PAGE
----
Social Development Month
Family disputes are often hardest on children but fortunately, there is a team of dedicated to ensure their bests interests.
The Department of Justice and Constitutional Development is committed to protecting the rights of children through its Family Advocate Office, which assists parties to reach an agreement in cases of custody, access and guardianship.
If the parties are unable to reach an agreement, the Office of the Family Advocate evaluates the parties’ circumstances and makes a recommendation to the court that is in the best interests of the child.
Londiwe Ngwenya (36) is a family counsellor based at the Office of the Family Advocate’s Johannesburg Regional Office.
She recalled a recent case which involved a married couple with two minor children. “The mother had filed for a divorce while in South Africa on a tourist visa before travelling abroad with the children, leaving the father behind in South Africa,” she explained.
“The father then lodged an urgent application at the High Court, alleging that the mother had abducted the children and he did not know where they were. The court made an interim order that the mother return to South Africa with the children,” she added.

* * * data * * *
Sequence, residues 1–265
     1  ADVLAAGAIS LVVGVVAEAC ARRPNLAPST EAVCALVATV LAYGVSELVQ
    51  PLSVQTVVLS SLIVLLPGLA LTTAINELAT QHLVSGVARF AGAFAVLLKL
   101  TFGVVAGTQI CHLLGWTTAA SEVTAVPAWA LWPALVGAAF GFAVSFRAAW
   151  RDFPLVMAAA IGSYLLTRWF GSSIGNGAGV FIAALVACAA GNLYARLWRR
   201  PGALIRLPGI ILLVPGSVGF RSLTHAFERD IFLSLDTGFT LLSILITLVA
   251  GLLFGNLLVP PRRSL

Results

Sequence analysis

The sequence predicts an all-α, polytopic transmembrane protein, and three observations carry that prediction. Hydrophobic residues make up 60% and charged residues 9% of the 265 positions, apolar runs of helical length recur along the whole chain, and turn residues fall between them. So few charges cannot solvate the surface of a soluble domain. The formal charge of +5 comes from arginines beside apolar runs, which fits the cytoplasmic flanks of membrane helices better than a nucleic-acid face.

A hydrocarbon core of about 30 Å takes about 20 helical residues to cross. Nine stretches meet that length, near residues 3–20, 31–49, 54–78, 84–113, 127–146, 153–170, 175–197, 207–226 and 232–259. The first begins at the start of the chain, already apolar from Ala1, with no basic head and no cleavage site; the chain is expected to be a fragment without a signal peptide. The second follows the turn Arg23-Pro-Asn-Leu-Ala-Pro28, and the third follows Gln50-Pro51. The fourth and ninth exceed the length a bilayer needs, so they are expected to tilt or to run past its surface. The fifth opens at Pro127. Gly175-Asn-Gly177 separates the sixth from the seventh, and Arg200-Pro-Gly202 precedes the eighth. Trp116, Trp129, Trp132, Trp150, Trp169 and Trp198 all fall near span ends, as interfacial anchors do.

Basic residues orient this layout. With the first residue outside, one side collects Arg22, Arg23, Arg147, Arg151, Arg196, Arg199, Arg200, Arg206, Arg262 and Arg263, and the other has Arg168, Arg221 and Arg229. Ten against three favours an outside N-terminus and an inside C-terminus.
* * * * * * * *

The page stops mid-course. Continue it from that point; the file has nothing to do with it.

After investigating, Ngwenya and her colleagues recommended that it was in fact in the best interests of the children to go back to reside with their mother as neither parent had permanent residence in South Africa. The court eventually ruled in favour of the Family Advocate’s recommendations but in the year that the case dragged on, the children suffered emotional and psychological trauma as a result of being separated from their
You may consult the Office of the Family Advocate if:
- There is a dispute regarding contact or care of a child
- A person wants to draft a parental rights and responsibilities agreement;
- A person wants to amend or terminate parental rights and responsibilities agreements registered with the Family Advocate; or
- There is a dispute on whether the unmarried father of a child born out of wedlock has satisfied the requirements which make him eligible to acquire full parental rights and responsibilities in terms of the law.